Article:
The story contains various literary and cultural allusions. For example, the references to famous writers like Hemingway and Fitzgerald add depth to the narrative and provide insight into Francie’s aspirations and influences.

Symbolism is evident in the choice of the protagonist’s pen name, Virginia Dare. Virginia Dare was the first child born to English parents in the Americas, symbolizing new beginnings and the discovery of identity. The pen name choice reflects Francie’s quest for self-discovery and a fresh start as a writer.

The irony is used throughout the story to highlight the disparities between expectations and reality. Francie’s aspirations and the actual challenges she faces, as well as the discrepancies between her dreams and the literary party scene, all serve as instances of irony.

The story is narrated from the third-person limited point of view, primarily focusing on Francie’s perspective. This choice allows readers to intimately connect with Francie’s emotions, thoughts, and struggles as she navigates the writing life.

Moore’s use of dialogue contributes to character development and adds authenticity to the interactions between the characters. It helps to reveal the complexities of relationships and highlights the aspirations and insecurities of aspiring writers.

The story employs humor to engage the reader and alleviate the serious themes being explored. The wit and cleverness in the narrative help to deliver its critical commentary on the challenges faced by writers.

Throughout the story, Moore employs the theme of disillusionment, exploring the contrast between Francie’s dreams of literary success and the reality she encounters. This theme underscores the challenges and complexities of the writing life.


How to Become a Writer | Structure

The narrative is told in fragmented episodes, each concentrating on a different part of Francie’s path as an aspiring writer. These incidents are not portrayed chronologically, but rather as disparate snippets of her life. This disjointed structure reflects the way memories and reflections arise in the mind, adding to the story’s contemplative tone. Moore uses this structure to satirize customary advice and prejudices about budding authors, turning them into hilarious and sardonic insights.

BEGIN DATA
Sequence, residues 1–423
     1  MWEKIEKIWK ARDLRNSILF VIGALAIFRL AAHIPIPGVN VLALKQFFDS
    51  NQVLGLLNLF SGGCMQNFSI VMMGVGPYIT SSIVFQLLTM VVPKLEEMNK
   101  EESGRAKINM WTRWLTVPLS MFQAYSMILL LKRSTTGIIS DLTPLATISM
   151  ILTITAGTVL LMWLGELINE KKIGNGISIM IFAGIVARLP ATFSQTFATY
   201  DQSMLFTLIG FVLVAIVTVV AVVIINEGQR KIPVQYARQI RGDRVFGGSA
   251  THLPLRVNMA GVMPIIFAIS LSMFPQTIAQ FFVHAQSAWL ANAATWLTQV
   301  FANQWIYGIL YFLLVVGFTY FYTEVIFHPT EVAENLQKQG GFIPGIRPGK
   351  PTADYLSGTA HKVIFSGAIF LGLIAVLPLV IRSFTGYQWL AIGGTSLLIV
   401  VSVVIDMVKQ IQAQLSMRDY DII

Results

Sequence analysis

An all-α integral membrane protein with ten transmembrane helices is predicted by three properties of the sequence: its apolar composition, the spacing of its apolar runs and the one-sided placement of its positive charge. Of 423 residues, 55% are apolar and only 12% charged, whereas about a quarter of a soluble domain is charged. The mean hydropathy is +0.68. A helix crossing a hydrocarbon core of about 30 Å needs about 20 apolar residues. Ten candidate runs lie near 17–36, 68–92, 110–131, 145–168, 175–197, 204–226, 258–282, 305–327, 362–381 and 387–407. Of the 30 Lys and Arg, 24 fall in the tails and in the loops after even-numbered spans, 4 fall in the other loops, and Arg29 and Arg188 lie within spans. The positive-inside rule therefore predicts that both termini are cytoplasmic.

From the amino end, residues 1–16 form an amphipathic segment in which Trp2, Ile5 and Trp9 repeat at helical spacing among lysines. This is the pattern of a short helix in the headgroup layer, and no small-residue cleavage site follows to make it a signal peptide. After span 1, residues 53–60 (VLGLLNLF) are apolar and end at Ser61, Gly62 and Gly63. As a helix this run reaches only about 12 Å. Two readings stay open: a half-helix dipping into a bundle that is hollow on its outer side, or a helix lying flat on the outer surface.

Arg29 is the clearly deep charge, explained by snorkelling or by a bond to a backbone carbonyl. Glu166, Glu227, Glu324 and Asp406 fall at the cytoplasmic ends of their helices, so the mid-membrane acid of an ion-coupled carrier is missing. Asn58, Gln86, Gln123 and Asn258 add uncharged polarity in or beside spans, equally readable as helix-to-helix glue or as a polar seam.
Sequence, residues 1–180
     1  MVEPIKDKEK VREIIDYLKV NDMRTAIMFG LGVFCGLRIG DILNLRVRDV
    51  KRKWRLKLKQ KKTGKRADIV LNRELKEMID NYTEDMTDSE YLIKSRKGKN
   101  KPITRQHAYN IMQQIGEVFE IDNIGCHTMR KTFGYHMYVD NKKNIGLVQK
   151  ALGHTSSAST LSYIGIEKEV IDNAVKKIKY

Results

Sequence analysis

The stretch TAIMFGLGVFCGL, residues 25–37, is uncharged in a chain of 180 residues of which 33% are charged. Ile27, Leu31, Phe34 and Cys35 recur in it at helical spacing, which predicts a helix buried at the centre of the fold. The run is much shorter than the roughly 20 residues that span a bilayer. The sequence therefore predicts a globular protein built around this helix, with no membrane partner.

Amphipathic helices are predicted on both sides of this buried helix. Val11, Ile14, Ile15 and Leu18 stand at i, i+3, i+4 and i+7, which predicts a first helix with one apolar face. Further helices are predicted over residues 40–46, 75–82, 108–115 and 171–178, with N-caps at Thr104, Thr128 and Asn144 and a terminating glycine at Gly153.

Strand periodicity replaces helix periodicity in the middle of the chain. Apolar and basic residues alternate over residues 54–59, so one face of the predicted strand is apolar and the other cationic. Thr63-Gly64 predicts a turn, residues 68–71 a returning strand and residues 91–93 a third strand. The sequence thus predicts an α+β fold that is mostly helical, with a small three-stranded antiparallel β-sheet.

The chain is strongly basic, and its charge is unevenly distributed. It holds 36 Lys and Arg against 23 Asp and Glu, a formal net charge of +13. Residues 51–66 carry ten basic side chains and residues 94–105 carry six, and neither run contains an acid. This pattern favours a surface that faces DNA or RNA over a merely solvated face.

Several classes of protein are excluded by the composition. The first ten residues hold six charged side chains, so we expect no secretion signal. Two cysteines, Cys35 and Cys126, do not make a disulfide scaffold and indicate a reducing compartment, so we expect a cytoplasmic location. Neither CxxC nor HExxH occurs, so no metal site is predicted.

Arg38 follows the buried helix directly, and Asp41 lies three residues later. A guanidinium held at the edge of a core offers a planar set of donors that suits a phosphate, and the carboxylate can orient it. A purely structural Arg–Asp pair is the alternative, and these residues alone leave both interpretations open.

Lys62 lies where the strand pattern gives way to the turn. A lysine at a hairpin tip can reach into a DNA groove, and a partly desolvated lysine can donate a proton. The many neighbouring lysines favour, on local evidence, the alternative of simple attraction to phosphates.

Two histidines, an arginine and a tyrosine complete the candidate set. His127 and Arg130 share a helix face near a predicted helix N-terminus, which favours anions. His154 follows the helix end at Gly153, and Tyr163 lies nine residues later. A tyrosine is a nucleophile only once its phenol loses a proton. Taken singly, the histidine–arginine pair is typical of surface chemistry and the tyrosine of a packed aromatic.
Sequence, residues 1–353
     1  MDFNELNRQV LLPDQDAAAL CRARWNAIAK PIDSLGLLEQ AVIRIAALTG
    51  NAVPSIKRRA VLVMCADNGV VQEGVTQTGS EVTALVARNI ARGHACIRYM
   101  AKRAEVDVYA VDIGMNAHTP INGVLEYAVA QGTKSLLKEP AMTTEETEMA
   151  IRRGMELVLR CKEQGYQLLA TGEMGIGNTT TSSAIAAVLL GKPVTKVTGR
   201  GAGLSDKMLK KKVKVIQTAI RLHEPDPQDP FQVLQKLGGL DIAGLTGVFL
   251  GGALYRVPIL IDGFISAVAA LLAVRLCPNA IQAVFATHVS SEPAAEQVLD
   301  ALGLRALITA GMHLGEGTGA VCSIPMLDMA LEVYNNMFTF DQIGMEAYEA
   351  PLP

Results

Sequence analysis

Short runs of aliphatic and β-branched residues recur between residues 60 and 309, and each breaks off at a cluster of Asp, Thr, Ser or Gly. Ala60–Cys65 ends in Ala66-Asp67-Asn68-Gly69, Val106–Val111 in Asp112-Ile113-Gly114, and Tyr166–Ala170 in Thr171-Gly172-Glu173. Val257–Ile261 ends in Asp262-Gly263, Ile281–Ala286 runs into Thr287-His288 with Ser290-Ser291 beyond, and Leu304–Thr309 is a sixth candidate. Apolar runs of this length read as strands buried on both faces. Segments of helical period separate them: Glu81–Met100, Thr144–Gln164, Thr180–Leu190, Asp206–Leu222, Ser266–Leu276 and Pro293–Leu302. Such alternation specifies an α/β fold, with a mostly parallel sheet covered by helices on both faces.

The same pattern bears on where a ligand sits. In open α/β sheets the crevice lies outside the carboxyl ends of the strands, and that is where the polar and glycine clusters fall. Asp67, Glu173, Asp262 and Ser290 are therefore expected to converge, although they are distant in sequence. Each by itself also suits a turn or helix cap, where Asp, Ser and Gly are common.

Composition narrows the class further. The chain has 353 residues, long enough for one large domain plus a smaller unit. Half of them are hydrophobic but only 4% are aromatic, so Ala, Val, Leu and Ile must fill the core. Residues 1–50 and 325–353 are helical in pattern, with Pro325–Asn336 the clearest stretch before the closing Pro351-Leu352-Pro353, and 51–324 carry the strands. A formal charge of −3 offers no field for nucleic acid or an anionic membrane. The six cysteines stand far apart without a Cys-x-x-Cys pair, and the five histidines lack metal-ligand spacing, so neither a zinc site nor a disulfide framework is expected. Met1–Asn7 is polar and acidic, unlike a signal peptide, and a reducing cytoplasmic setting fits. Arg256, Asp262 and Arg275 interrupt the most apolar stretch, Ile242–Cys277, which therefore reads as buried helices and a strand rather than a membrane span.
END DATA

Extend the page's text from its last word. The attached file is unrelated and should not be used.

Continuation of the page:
The non-linear framework includes flashbacks and contemplative pauses, allowing readers to dive into Francie’s earlier experiences and comprehend the formative events that created her desires and insecurities. This strategy gives the character more depth and perspective for her current challenges. Despite its disjointed form, the novel retains consistent themes such as aspiring authors’ disappointment, the limitations of artistic identity, and the intricacies of relationships. These themes run throughout the story, linking the many episodes and providing a coherent reading experience.

Francie’s emotions and inner life are heavily emphasized in the framework. Readers are given access to her thoughts, concerns, and hopes, building a profound emotional connection with the protagonist. This intimacy encourages readers to empathize with Francie’s difficulties, making her journey more believable. The narrative concludes with Francie at the same party where it began, generating a feeling of circularity. This arrangement symbolizes that Francie’s journey, despite its difficulties and failures, has completed a full circle. The conclusion invites readers to consider the cyclical nature of artistic endeavors and the never-ending search for achievement.